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I am attempting to learn how to program a little. I am making this script for my Raspberry Pi, but the concept doesn't have to be specifically for it. I want to have a button press that will execute one of two commands:

If held for one second, then run command A If held for five seconds, then run command B It is okay for command A to run multiple times while waiting for B to register.

Here is my script, and afterwards I will explain its purpose:

import RPi.GPIO as GPIO
import uinput
inport time
import os

GPIO.setmode(GPIO.BCM)
GPIO.setup(17, GPIO.IN)

def main():
     events = (
          uinput.KEY_ESC,
          )

     device = uinput.Device(events)

     device.emit(uinput.KEY_ESC, 1) #Press
     device.emit(uinput.KEY_ESC, 0) #Release

Then, here are the two things that I want to have added:

while 1:

     if time.sleep(1)
     if GPIO.input(17)==True:
          main()
          break

while 1:

     if time.sleep(10)
     if GPIO.input(17)==True:
          os.system("sudo reboot")
          break

Essentially, this script will cause the button to have two purposes. Pressing it for one second will emulate a keystroke of the key ESC. Pressing it for ten seconds will cause it to reboot the system. How can I have the two happen at the same time? Learning Python is pretty challenging for me, but I've had no programming experience at all until now.

migrated from programmers.stackexchange.com Jan 24 '14 at 9:09

This question came from our site for professionals, academics, and students working within the systems development life cycle.

1

Though, I don't have experience with with Raspberry Pi, I have decided to answer you, since it look like you have been missing attention, from guru. With corresponding with this article Buttons and Switches, I think follwed code should work properly:

import os
import time
while True:
    if GPIO.input(17):
    #start counting pressed time
    pressed_time=time.monotonic()
    while GPIO.input(17): #call: is button still pressed
        # just to force process wait
        # may be possible use in this time.sleep(1) but I don't have confidence
        pass
    pressed_time=time.monotonic()-pressed_time
    if pressed_time<5:
        #send corresponding signal, you mentioned to call "main()", ok then:
        main()
    elif pressed_time>=5:
        os.system("sudo reboot")
0

I can not speak for your special case but in general when you want a button to be pressed and measure the time. Maybe it is of help.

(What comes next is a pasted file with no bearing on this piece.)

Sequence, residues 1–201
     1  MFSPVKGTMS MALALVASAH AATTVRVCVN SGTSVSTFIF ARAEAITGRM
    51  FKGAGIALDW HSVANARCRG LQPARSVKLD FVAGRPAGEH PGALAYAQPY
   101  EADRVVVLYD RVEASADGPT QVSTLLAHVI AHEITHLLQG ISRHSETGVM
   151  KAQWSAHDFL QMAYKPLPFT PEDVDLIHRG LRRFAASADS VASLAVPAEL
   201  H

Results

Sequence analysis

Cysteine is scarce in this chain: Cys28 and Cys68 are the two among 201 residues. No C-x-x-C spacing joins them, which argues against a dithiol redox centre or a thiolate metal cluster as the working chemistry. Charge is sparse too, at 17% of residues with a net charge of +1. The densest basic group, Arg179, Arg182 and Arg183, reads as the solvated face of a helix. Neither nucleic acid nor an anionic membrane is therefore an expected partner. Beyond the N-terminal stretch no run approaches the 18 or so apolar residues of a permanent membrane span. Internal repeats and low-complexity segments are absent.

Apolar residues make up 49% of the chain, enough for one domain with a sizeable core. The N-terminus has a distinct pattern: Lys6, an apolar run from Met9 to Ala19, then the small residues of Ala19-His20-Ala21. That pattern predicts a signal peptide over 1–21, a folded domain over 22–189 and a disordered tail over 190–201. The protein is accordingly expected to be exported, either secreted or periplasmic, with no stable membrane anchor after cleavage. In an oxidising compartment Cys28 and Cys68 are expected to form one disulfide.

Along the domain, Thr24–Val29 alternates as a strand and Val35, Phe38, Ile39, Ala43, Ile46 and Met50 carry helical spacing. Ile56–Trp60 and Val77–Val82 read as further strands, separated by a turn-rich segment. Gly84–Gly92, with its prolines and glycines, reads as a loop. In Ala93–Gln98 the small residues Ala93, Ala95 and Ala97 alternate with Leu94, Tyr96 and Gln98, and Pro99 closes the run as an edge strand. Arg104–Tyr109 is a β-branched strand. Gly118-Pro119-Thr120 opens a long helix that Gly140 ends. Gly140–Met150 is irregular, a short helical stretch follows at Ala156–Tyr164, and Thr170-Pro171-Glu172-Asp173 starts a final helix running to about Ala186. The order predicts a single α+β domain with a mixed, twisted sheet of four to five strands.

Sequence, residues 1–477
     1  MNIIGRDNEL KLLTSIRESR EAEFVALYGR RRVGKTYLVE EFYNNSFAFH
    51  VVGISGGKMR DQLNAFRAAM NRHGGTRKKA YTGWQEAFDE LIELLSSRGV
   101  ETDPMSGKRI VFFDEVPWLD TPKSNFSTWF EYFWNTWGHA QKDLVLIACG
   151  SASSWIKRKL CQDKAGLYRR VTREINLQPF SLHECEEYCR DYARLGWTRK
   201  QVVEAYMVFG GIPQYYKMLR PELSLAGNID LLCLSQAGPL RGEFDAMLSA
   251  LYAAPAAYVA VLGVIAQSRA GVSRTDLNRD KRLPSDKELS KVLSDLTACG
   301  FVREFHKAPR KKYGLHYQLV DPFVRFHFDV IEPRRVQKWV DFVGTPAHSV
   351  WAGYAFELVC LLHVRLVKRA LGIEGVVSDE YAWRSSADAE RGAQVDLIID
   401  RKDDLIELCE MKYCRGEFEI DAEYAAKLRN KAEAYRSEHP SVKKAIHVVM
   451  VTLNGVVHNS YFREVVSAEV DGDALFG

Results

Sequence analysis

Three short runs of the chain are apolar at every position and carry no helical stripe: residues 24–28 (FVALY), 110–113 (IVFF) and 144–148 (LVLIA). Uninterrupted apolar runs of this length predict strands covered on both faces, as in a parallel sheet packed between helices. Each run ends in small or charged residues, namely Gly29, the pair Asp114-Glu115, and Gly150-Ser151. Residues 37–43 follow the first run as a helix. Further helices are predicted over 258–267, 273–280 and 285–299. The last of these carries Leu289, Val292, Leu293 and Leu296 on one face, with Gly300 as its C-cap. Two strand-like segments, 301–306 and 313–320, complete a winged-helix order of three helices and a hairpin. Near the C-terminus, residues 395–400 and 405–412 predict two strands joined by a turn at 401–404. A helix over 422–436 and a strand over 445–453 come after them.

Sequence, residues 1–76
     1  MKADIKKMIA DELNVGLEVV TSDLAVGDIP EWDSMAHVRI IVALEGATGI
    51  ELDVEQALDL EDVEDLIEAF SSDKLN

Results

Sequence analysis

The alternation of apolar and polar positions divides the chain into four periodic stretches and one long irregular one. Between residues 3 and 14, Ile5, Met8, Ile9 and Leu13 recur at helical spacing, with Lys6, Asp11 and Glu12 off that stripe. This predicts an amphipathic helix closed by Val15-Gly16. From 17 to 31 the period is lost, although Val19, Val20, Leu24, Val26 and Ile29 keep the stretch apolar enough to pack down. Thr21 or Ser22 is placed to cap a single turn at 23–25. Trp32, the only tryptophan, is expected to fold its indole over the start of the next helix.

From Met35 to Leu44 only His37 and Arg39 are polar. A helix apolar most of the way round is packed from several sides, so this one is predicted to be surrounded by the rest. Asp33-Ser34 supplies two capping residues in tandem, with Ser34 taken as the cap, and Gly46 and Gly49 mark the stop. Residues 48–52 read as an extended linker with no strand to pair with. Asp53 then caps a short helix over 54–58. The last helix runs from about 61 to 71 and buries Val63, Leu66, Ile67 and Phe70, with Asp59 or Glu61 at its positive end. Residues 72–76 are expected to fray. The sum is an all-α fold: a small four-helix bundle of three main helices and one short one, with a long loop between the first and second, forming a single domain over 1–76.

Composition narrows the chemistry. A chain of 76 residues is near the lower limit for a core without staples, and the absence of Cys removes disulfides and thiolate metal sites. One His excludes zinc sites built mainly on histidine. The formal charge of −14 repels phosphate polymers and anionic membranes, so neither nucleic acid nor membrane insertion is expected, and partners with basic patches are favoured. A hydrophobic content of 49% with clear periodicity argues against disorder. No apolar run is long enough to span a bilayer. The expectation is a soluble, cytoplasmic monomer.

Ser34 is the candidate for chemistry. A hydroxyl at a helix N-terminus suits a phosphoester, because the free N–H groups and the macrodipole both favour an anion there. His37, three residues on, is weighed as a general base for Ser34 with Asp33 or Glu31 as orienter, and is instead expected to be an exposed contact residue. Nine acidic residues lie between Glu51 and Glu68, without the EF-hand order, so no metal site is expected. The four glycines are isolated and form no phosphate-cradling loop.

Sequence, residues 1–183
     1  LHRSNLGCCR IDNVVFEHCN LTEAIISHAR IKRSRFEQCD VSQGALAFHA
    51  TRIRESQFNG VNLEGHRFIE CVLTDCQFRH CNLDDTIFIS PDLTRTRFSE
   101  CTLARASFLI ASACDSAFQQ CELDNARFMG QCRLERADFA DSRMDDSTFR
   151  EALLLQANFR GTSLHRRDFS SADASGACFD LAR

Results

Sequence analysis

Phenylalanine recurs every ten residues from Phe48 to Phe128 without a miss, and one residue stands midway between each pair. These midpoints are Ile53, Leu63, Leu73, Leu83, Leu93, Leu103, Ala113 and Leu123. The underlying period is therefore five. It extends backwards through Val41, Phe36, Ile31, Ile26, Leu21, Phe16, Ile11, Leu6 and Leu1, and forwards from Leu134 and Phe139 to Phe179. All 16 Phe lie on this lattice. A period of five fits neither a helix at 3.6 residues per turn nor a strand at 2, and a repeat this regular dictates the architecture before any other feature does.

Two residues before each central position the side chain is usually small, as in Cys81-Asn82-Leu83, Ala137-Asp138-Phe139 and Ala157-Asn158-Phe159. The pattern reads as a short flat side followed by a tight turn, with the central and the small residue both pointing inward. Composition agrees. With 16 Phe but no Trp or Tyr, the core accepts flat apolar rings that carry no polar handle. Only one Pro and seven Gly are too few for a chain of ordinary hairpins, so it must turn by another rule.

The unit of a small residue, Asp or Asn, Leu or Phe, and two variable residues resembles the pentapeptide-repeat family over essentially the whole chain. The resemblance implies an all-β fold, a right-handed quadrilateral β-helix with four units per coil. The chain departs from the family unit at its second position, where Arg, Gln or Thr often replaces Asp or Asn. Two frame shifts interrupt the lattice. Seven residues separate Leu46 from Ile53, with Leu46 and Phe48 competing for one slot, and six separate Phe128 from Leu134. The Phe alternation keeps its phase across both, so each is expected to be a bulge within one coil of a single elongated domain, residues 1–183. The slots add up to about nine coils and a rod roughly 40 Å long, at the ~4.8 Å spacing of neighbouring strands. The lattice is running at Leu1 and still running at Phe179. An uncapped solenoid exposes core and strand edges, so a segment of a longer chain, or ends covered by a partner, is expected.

The algorithm is in the comments and I sketch the Python equivalent:

import time
while 1:
    time.sleep(0.001) # do not use all the cpu power
    # make a loop to test for the button being pressed
    if button == pressed:
        when_pressed = time.time()
        while button == pressed:
            # wait until the button is not pressed any more
            time.sleep(0.001) # do not use all the cpu power
        # measure the time
        time_pressed = time.time() - when_pressed
        if time_pressed < too_short:
            continue # pressed too short do not use the other cases
        if 1 < time_pressed < 10:
            pass # pressed more than 1 second but less then 10
        if time_pressed > 10:
            pass # pressed more then 10 seconds 
            # a computer usually uses 6 seconds to wait for the shutdown
  • I have no ideea about RPi, but every UI toolkit have a „background” timer and a main waiting loop. I'll use that instead of time.sleep witch block the script. – cox Jan 24 '14 at 10:40
  • Maybe you do not need a UI. You can run this script in the background from the start of the raspberry Pi. So you need a function that is called frequently and does not block? – User Jan 24 '14 at 11:15
  • That's something else and your answer will fit. But I bet you will work a lot to make buttons (that's wat OP asked) with state - pressed/not pressed - outside of some UI. – cox Jan 24 '14 at 11:23
  • I just saw GPIO (hardware-pins) so I was guessing that the question was about a hardware-button. Also the shutdown behaviour.. equals much that of a hardware button on my laptop. But of cause you can create an answer that fits UIs well. Feel free to use this code. – User Jan 24 '14 at 11:30

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